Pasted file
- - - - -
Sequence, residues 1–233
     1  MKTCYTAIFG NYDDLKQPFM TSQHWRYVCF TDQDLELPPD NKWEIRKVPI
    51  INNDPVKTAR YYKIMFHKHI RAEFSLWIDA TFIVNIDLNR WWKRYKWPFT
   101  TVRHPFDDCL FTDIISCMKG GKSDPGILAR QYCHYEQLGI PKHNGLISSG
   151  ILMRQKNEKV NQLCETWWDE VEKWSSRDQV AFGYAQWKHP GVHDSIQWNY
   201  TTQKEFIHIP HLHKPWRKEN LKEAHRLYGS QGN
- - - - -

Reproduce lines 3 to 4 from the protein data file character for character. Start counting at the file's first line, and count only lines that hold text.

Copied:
    51  INNDPVKTAR YYKIMFHKHI RAEFSLWIDA TFIVNIDLNR WWKRYKWPFT
   101  TVRHPFDDCL FTDIISCMKG GKSDPGILAR QYCHYEQLGI PKHNGLISSG